Complaint under section 8(1)(a) of the Broadcasting Act 1989
One News item – visit to Wellington by Prince Charles – two topless women protesters shown – allegedly in breach of good taste and decency and children’s interests
Standard 1 (good taste and decency) – context – not upheld
Standard 9 (children’s interests) – item not harmful to children – context – not upheld
This headnote does not form part of the decision.
 An item on One News broadcast on TV One at 6pm on 8 March 2005 reported on the visit to Wellington by Prince Charles. The item included a public function which had been disrupted by two women protesters, both of whom were topless.
 Alexander Watts complained to Television New Zealand Ltd, the broadcaster, that the item had not maintained standards consistent with the observance of good taste and decency or children’s interests. He argued that the time of the broadcast was within children’s viewing hours, and that the images were not expected on One News.
 Mr Watts thanked TVNZ for warning viewers prior to the item by having the newsreader mention the subject matter. However, he contended that the images were just as distasteful to adult viewers as it would have been to those adults that witnessed the live event. The complainant asked that TVNZ blur out breasts and other “inappropriate body parts”.
 While conceding that there was a valid reason for showing the protest, Mr Watts believed that TVNZ needed to improve the way in which it handled such issues. He asked that “some form of decency guidelines” be formulated to ensure compliance with broadcasting standards, and suggested that any current guidelines needed to be tightened up “dramatically”.
 TVNZ assessed the complaint under Standards 1 and 9 of the Free-to-Air Television Code of Broadcasting Practice, which provide:
Standard 1 Good Taste and Decency
In the preparation and presentation of programmes, broadcasters are responsible for maintaining standards which are consistent with the observance of good taste and decency.
Standard 9 Children’s Interests
During children’s normally accepted viewing times, broadcasters are required, in the preparation and presentation of programmes, to consider the interests of child viewers.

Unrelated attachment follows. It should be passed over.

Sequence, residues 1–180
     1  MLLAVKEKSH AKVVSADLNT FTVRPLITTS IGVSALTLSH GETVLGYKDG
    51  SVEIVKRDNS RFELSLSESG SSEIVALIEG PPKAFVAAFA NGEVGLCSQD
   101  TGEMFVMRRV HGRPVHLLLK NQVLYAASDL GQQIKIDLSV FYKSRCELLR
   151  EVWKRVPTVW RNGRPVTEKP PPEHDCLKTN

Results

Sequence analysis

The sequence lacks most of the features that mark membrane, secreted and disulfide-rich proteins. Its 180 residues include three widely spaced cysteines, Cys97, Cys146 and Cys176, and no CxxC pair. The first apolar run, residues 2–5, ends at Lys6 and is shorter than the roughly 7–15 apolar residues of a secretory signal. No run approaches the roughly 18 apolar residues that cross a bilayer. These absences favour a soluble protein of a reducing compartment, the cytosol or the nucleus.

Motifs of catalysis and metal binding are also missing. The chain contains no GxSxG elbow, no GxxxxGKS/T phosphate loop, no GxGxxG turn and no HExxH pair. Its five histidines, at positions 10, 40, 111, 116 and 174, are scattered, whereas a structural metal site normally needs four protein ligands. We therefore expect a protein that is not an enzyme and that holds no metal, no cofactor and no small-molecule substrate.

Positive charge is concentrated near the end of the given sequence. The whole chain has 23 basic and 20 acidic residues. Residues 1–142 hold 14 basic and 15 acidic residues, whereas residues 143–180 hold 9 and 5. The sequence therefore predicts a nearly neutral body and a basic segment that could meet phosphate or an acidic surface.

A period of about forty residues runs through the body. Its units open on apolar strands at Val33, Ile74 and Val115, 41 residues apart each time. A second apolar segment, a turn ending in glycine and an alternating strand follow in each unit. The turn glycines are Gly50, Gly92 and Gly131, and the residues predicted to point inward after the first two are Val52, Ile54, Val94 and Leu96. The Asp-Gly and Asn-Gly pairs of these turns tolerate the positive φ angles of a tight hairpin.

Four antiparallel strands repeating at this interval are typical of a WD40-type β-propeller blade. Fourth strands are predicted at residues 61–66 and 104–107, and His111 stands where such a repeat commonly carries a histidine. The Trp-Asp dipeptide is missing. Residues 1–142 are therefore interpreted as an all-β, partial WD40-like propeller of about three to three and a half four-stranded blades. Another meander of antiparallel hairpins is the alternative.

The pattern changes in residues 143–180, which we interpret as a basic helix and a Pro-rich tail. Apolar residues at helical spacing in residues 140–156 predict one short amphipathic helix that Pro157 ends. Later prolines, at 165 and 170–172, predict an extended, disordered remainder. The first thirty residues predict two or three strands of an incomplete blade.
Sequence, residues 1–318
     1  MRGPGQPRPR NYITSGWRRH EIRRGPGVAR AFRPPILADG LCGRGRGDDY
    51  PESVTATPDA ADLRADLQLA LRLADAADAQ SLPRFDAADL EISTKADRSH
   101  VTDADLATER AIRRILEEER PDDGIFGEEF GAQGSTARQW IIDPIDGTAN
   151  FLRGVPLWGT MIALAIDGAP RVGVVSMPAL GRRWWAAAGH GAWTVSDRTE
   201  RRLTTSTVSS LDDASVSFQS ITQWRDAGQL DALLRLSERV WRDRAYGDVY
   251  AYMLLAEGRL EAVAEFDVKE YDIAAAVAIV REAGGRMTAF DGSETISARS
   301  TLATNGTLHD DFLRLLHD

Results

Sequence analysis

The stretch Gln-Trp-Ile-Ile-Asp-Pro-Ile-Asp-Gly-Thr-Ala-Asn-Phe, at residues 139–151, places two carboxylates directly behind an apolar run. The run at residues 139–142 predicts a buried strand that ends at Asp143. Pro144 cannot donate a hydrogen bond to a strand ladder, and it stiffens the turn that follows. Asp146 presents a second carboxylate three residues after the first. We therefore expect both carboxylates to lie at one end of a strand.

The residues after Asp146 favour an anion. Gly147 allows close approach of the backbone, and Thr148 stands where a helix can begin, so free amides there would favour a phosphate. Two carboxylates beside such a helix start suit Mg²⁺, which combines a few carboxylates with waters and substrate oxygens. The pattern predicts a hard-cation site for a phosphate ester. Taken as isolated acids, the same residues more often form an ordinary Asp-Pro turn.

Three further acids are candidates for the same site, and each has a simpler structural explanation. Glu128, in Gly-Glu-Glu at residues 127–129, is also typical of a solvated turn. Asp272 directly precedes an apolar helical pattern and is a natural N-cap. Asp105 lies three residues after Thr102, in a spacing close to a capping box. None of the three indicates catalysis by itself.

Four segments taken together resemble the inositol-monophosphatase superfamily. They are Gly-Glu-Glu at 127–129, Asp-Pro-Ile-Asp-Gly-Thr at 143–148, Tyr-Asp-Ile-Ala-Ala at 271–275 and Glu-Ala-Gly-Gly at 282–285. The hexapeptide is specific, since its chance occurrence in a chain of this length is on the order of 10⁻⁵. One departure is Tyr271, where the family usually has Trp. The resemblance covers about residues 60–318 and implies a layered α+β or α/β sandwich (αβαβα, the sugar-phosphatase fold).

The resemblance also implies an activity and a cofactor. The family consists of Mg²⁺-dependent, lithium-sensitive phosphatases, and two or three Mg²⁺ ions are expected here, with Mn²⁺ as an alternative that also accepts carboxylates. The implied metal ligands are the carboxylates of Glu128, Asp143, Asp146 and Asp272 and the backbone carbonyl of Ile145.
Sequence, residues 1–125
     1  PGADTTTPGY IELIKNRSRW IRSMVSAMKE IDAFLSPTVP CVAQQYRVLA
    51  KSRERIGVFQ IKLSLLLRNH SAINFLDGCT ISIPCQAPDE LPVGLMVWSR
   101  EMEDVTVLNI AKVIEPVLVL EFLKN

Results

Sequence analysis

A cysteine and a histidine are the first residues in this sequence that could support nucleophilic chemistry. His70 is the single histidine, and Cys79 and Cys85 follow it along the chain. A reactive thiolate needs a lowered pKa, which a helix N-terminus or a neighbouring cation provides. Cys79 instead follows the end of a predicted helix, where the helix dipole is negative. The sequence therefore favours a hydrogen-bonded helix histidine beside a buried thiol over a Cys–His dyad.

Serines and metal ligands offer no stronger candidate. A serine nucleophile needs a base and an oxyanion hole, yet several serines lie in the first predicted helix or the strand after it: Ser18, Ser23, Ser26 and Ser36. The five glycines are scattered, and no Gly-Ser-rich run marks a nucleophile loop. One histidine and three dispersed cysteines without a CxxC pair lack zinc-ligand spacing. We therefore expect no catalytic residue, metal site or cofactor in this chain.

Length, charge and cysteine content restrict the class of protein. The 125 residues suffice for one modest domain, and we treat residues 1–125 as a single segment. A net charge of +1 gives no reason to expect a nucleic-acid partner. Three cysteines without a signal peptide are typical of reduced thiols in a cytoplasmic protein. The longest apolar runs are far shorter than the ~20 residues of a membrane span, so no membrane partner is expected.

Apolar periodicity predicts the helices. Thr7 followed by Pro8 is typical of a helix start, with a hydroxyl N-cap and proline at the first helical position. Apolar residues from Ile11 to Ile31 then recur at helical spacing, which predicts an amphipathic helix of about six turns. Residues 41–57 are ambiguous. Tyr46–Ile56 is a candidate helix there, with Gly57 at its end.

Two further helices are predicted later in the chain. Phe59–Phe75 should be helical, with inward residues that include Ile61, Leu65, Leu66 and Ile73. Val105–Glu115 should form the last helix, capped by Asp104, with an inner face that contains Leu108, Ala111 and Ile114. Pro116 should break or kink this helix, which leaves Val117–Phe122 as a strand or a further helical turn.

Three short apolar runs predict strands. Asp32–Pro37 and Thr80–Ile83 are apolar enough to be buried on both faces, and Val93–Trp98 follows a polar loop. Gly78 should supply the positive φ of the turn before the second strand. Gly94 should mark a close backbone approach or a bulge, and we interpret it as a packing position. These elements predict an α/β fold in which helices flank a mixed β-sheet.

In its response to Mr Watts, TVNZ noted first that there was nothing inherently offensive in nudity or semi-nudity. Rather, it contended that the potential for offensiveness arose when nudity was used in a sexual context. The women were making a political statement, it said, and the sequence was devoid of any sexual element.
 While the method of protest may have been unconventional, TVNZ argued, unconventional behaviour regularly attracted public interest. Furthermore, the broadcaster noted that topless women had been seen on a number of occasions on One News. TVNZ suggested that to blur the images would have implied that it was taking an editorial stance on the method of protest chosen by these women. Further, to exclude it “would be to mislead and deceive” One News viewers.
 Emphasising that the news was unclassified, TVNZ wondered why “a non-prurient image” of topless women should cause harm to children, when news programmes regularly told of things such as war, abuse and natural disasters. TVNZ said:
It was as if you were telling us that you expect us to show the most awful terrorist atrocities (the attack on the twin towers, blood in the streets of Baghdad), the most awful crimes (school shootings, murder and rape) and introduce children to repellent concepts such as racism and intolerance – but ask us to shy away from the reality of a harmless topless protester taking part in a peaceful demonstration.
 TVNZ found that the item had not breached Standard 1 or Standard 9 of the Code.
 Dissatisfied with the broadcaster’s response, Mr Watts referred his complaint to the Authority under s.8(1)(a) of the Broadcasting Act 1989. The complainant reiterated his view that showing topless women on the news was inconsistent with standards of public decency. He felt very strongly that the women’s breasts should have been pixelated.
 Mr Watts also contended that children “almost always watch the news with their parents” and that it was offensive to have them watching such content. If the women had to be shown during the broadcast, the complainant said, the footage needed to be treated with more restraint – “minimized and the inappropriate parts blurred out”.
 TVNZ added nothing further to its original reply to the complainant.
 The members of the Authority have viewed a tape of the broadcast complained about and have read the correspondence listed in the Appendix. The Authority determines the complaint without a formal hearing.
 When the Authority considers a complaint which alleges a breach of good taste and decency, it is required to take into consideration the context of the broadcast. On this occasion, relevant contextual factors include:
 Taking into account all the relevant contextual factors, the Authority is of the view that Standard 1 was not breached on this occasion.
 Turning to Standard 9 (children’s interests), the Authority notes again the contextual factors listed above. Further, the Authority considers that there is nothing inherently harmful to children in seeing non-sexual nudity in a news and current affairs programme. The Authority concludes that Standard 9 was not breached.
For the above reasons the Authority does not uphold the complaint.
Signed for and on behalf of the Authority
3 June 2005
The following correspondence was received and considered by the Authority when it determined this complaint: